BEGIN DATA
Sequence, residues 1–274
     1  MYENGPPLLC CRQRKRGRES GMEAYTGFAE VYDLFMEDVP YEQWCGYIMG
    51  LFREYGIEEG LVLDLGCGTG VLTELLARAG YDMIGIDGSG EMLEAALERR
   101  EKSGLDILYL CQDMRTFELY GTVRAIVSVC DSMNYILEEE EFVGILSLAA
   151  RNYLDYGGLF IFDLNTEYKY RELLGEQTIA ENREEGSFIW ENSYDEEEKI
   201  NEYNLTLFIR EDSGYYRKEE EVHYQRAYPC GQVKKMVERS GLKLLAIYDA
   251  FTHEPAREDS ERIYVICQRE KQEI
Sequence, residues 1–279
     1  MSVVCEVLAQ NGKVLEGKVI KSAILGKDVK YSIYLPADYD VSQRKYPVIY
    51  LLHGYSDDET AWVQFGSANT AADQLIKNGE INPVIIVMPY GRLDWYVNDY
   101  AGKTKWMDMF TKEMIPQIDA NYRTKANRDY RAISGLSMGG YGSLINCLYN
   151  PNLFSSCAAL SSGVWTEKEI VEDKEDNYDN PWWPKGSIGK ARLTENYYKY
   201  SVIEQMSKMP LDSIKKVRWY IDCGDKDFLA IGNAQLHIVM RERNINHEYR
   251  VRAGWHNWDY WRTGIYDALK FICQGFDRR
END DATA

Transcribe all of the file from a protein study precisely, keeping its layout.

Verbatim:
Sequence, residues 1–274
     1  MYENGPPLLC CRQRKRGRES GMEAYTGFAE VYDLFMEDVP YEQWCGYIMG
    51  LFREYGIEEG LVLDLGCGTG VLTELLARAG YDMIGIDGSG EMLEAALERR
   101  EKSGLDILYL CQDMRTFELY GTVRAIVSVC DSMNYILEEE EFVGILSLAA
   151  RNYLDYGGLF IFDLNTEYKY RELLGEQTIA ENREEGSFIW ENSYDEEEKI
   201  NEYNLTLFIR EDSGYYRKEE EVHYQRAYPC GQVKKMVERS GLKLLAIYDA
   251  FTHEPAREDS ERIYVICQRE KQEI
Sequence, residues 1–279
     1  MSVVCEVLAQ NGKVLEGKVI KSAILGKDVK YSIYLPADYD VSQRKYPVIY
    51  LLHGYSDDET AWVQFGSANT AADQLIKNGE INPVIIVMPY GRLDWYVNDY
   101  AGKTKWMDMF TKEMIPQIDA NYRTKANRDY RAISGLSMGG YGSLINCLYN
   151  PNLFSSCAAL SSGVWTEKEI VEDKEDNYDN PWWPKGSIGK ARLTENYYKY
   201  SVIEQMSKMP LDSIKKVRWY IDCGDKDFLA IGNAQLHIVM RERNINHEYR
   251  VRAGWHNWDY WRTGIYDALK FICQGFDRR